Is brother to prisoner, and son of Aaron Seaver; was at his own house, half am ile distant when his father was killed.  Got there about half an hour after; found his father lying on his back, his head a little south of east, and feet north of west; he lay out straight, with his feet 18 or 20 inches apart; his arms not very close to the body.  Thought he was not moved.  Saw no evidence of struggling.  The back of his father's hat was under his neck, with the front over his eyes; his scythe was lying on the ground near the body; the small end of the snath lay near his knee; the point of the scythe near his body; it lay on the south side of the body; the scythe lay nearly north and south, the snatch east and west.  The whet-stone lay nearly under the lower nib -- upon the left side of the body.  It was a whole stone, about 10 inches long.  Father had the habit of always carrying his whet-stone in his right pantaloons pocket; he usually had his pockets deeper than common; could identify his pants.  Mother and Mortimer were there when witness came; Mortimer was crying pretty bad, he thought.  The body was put in a wagon and taken to the house; it was done by order of Mr. Slack.

Mr. Slack, Rice and Phillips assisted.  Mr. slack rode all the way to the house; witness saw him in the wagon; Mr. Phillips drove the team; Mr. Slack held a hat over father's face; said it was to keep the sun off.  Witness walked up all the way to the house with Mortimer; heard no conversation between Mr. Slack and Mortimer. [Witness identifies the bullet-moulds produced by Mr. Buckingham, and picks out those belonging to the several guns.]  Identifies a pistol produced; it belongs to Gustavus Chappel; it has been about father's house the past season. [Identifies two rifles and two shot guns, brought into Court by Mr. Johnson.]  Luther has had his rifle fourteen years; Mortimer got his rifle four years ago this winter; one of the shot guns has been four or five years in the family; the other is James Rice's, it was borrowed shortly before the death of father.  Witness does not know of any other guns being about the premises.  The ram rods now with the guns are the same that belong to them.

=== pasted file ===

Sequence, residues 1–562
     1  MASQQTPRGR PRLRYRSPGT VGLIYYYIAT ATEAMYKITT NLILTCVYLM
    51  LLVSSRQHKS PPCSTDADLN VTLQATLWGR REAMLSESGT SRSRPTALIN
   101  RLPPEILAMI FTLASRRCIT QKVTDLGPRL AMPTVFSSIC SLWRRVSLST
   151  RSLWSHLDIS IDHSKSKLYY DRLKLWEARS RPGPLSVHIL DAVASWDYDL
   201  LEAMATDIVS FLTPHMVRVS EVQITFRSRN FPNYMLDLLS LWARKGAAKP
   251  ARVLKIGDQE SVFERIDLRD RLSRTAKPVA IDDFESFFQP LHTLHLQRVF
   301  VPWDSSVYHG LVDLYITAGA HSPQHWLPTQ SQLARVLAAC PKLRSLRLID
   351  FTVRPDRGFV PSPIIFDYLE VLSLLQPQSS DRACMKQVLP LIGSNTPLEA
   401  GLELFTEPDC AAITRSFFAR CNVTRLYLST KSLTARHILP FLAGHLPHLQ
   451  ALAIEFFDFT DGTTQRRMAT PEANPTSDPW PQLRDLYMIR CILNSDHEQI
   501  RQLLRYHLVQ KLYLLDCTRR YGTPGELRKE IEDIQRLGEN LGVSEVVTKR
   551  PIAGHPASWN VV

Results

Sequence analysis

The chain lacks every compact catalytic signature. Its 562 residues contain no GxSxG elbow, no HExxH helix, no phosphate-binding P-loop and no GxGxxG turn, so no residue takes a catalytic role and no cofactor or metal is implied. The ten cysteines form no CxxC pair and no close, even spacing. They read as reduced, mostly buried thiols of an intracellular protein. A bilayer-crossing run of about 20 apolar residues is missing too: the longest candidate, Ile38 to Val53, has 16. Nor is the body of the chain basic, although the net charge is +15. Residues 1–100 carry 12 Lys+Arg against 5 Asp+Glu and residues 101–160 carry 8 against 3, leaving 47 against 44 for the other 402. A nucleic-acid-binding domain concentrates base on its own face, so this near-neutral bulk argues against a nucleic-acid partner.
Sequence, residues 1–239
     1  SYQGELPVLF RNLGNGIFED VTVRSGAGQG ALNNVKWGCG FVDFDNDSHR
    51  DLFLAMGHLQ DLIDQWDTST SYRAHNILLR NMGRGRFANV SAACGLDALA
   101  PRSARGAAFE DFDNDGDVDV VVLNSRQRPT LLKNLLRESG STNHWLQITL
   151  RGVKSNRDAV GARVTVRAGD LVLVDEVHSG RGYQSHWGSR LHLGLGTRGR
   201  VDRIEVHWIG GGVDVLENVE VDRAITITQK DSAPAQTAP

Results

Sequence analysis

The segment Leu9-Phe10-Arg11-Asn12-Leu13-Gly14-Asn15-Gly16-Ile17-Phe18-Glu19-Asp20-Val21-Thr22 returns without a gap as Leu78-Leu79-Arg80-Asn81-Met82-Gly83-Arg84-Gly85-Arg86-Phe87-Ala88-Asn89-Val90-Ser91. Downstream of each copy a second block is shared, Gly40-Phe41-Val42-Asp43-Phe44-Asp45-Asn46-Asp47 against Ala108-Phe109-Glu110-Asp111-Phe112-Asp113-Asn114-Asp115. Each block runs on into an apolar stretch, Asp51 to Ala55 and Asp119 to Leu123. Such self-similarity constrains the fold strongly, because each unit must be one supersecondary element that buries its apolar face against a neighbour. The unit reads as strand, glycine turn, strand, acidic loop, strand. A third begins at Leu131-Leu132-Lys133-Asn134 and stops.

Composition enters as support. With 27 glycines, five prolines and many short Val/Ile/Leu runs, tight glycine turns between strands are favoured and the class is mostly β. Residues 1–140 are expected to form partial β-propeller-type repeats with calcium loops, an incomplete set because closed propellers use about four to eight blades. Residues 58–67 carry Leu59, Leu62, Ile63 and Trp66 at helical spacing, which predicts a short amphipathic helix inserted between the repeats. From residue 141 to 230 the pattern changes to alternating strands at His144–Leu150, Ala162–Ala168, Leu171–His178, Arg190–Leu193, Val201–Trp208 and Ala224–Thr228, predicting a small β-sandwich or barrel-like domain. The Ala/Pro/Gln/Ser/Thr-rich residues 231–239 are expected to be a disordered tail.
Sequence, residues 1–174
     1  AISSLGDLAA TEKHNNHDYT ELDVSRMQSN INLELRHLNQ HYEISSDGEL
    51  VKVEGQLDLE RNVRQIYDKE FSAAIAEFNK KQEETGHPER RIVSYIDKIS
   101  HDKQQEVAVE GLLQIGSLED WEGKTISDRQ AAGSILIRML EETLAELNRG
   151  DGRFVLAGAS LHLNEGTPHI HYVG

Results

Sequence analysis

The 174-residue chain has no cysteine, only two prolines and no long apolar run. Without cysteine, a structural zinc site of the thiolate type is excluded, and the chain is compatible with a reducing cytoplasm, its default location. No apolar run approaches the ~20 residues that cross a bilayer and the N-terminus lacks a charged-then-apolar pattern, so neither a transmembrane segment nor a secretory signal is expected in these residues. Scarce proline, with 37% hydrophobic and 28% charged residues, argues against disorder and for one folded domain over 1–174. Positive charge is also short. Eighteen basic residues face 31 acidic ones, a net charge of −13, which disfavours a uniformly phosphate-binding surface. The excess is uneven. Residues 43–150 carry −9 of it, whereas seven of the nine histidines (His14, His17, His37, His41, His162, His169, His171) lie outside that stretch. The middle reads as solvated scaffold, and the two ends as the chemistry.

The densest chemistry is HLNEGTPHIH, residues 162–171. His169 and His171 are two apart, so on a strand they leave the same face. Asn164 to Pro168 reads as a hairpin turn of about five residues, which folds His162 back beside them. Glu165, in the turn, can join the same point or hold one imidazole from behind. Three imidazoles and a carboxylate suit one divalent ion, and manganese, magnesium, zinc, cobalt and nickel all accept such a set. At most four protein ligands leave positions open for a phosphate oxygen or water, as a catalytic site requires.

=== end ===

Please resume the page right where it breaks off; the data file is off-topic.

Thinks the map produced is correct.  The ground off south and east is high; south west it is considerably higher than where the body was found; west it is level to the marsh; there is a ridge to the north of the marsh; there are some trees scattered about the marsh; the brush is cleared out.  Very nearly all the marsh was mowed, except along the creek.  Mortimer does not mow smooth; father did.  Witness could go on the ground and pick out his father's and Mortimer's swaths.  There was not much done on the day of father's death; witness saw his father's and Mortimer's swaths side by side in places;  father was in the habit of selecting out the lodged parts for himself to cut; them owing done by his father that day was where the grass was lodged; where Mortimer mowed, it was standing.  There was a sheep shot on the farm, on Saturday, along after breakfast.  Witness took Luther's gun down to shoot the sheep; the gun was loaded; Mortimer shot the sheep and brought back the gun.  The other rifle hung in its usual place; witness took it down and fired it off, because his mother did not like loaded guns around.  

The farm contains eighty acres, and is worth from $25 to $30 an acre.  Witness never heard of any particular difficulty between his father and Mortimer.  Mortimer was his favorite child.  

While they lived at home all the children had access to father's money when they wanted it.  Their father knew of them getting it whenever they did so.  Mortimer went with witness to Grand Blanc the evening before their father's death -- about sundown.  Mortimer went with him, at witness request; they went with the horses called Mortimer's team.  It was known to his father and all the family as Mortimer's team.  Heard Mr. Slack's testimony about the stump and rifle butt. -- Had not heard of it before, and looked for and found such a stump as the one described by Mr. Slack; discovered a mark which witness thought was a wagon track.  Luther Seaver, Paul Davison, Mr. Johnson and Mr. Wisner were with witness at the time, they traced the wheel tracks several rods; one wheel run exactly over the spot described.  Witness and his brother had drawn hay over that place, a few days before his father's death.

Father's scythe was nearly new; Mortimer's was an old one which had been in use five or six years; they had got the snath over ten years ago, and it was old then.  It would frequently get out of order; there were nails driven in the nibs.  

[Bennager Tupper was here called up, to pick out the gun Mortimer had loaded at his store.  After examining them, Mr. Tupper said he should judge the gun he saw with Mortimer was not there.]


Well - we have a murder (?) of a respected man, Aaron Seaver,  in Grand Blanc, Genesee County, Michigan.

In this excerpt, the prosecution called several more witnesses, and then rested.  The defense attorney made an opening statement, and called two witnesses, including the accused;'s older brother.  We see the first hints that some forensic investigation was done with the bullets and the wagon tracks.  There ism ore to come!

Aaron Seaver (1793-1857) is a second cousin, six times removed to me.  Our common ancestors are my 7th great-grandparents, Joseph Seaver (1672-1754) and Mary Read (1680-????).

Stay tuned!!  The cross-examination of Charles Seaver is next.

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Copyright (c) 2014, Randall J. Seaver